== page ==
You can take the blue pill, or… Your experiences are a shockingly small sample of what is actually going on in the world. Let’s say your experiences are 0.000000001% of what is going on. Putting it this way, it is kind of crazy to model the world based on your own experiences. Despite this, we all do it to some extent. However, travelling vastly opens this up. You tap into different cultures, meet fellow travellers, experience various relationships. A recipe with one ingredient makes for a bland taste. Travelling mixes and matches ingredients until you find the right combination.

The Downsides

You’re away from family and friends. This is huge. By the time you leave home for college, you have already consumed the lion’s share of your total time with family and childhood friends. You have more time left with some, less with others. But the reality is the same for everyone. If you decide to live a life away from home, you are certainly making a choice to give up the type of lifelong bonds which some people succeed in nurturing. It doesn’t mean that you can’t have a great relationship with them. You can call them regularly. You can visit them several times a year. But it does mean that you will ultimately be away for the majority of moments. 

Almost everything takes time to flourish. Friendships, relationships, businesses. There are very few exceptions. This is true both mathematically and generally. Mathematically, the concept can be expressed through nonlinear power laws or the lindy effect. Generally, if Sally meets David but David and Sally are only staying in the same location for three months, it puts a big blot on the natural evolution of the relationship. 

Black swans may be blacker. Those unforeseeable rare events where life gets turned upside down may be exacerbated by the realities of the country you are living in. Healthcare may not be up to scratch. The local lingo will complicate communications. How much can you trust local authorities? The general safety cushion that many of us have in our home country may be replaced with a rock hard bottom that hits us hard when we fall. 

Isolation. Inevitably, we all feel lonely sometimes. This feeling can certainly be exacerbated when you are living in unfamiliar terrain. There are many places where you will be surrounded by fellow travellers and remote workers. But if you venture off the well-beaten track, you may find yourself in a place where you can’t wait to leave. You may feel an extreme sense of isolation that leaves you counting down the days to your departure. This has only happened to me twice. Both times, I knew what date I was leaving and I also had the funds to book an earlier flight if I needed. I can’t imagine what that feeling is like for someone who doesn’t have the liberty to leave.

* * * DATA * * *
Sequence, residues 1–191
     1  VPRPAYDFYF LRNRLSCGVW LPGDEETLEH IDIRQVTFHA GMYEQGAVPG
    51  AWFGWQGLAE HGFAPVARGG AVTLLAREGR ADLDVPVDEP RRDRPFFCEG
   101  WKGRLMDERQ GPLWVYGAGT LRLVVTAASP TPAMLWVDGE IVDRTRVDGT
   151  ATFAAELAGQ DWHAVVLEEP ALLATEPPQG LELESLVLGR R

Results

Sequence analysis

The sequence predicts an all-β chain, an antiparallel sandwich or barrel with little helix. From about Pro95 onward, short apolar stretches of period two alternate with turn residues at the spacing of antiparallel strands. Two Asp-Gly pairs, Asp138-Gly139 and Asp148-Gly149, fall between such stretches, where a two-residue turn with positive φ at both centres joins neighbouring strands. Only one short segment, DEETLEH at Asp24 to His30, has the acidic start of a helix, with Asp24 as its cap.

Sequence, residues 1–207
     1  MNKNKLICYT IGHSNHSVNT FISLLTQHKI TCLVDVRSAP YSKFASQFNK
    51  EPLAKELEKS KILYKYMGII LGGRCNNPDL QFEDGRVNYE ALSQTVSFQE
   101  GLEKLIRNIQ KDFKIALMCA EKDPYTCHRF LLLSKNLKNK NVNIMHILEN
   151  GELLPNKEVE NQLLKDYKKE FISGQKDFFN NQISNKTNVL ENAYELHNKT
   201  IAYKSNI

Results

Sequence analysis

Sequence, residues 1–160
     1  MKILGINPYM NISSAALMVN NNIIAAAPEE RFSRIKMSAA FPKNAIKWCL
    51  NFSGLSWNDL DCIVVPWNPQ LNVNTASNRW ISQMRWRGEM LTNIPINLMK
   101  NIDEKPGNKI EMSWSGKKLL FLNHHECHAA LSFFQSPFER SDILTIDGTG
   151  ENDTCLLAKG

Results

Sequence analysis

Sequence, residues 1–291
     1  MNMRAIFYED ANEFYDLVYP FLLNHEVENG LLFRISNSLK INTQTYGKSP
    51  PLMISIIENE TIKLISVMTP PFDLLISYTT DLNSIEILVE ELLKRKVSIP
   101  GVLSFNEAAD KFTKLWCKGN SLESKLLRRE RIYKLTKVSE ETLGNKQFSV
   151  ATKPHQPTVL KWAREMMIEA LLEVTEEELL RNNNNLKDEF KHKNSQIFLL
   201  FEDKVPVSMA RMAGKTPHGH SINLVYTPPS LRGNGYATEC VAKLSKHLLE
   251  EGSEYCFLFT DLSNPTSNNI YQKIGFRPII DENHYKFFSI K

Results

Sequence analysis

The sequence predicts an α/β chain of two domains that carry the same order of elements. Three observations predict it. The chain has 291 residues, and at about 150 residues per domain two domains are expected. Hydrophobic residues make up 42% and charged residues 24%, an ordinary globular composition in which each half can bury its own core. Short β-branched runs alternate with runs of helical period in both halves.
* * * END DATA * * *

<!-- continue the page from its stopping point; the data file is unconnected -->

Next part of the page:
In many cases, you give up some stability. When I started freelance work, I could be extremely busy for months. But suddenly, everything could dry up. I would be forced to drop rates and start hustling hard. The first few times this happened, I thought to myself that “the gig is up”. It might be time to start searching for high paying corporate slave jobs again. I progressed past this stage to a point where I had steady clients but it was certainly an interesting experience. I have come to realize that contractors and freelancers are far more in tune with the market. To be a freelancer mostly means giving up all of the safety net associated with being employed by a huge corporate company. Nassim Taleb would argue that this is a better position to be in as you can respond to market needs as they adjust whereas a corporate employee enjoys steady pay until they don’t.

“Artisans, say, taxi drivers, prostitutes (a very, very old profession), carpenters, plumbers, tailors, and dentists, have some volatility in their income but they are rather robust to a minor professional Black Swan, one that would bring their income to a complete halt. Their risks are visible. Not so with employees, who have no volatility, but can be surprised to see their income going to zero after a phone call from the personnel department. Employees’ risks are hidden.”

Antifragile p.84, Nassim Taleb


Do you want to work remotely?

We live in an exciting era. The option for some professionals to work from their laptop anywhere in the world opens endless opportunities. But everything has its tradeoff. Not everyone has the skills to work remotely. As more value continues to transition online, it seems likely that we will see a trend of more professionals doing this kind of work. Not everyone has to take it to the ends of the earth. A father who can freelance from home will benefit from the liberty remote work offers in much the same way as a young professional benefit from the liberty by experiencing new countries and cultures. It’s certainly not for everyone. Some like the structure of a 9-5. Some live for the big city rat race. Some need the corporate safety cushion. For me, I wouldn’t have it any other way.

Bringing it back to the start, everybody’s experiences are entirely their own and can only be generalized to a very limited extent.

If you work remotely, I am interested to hear what the key tradeoffs are for you.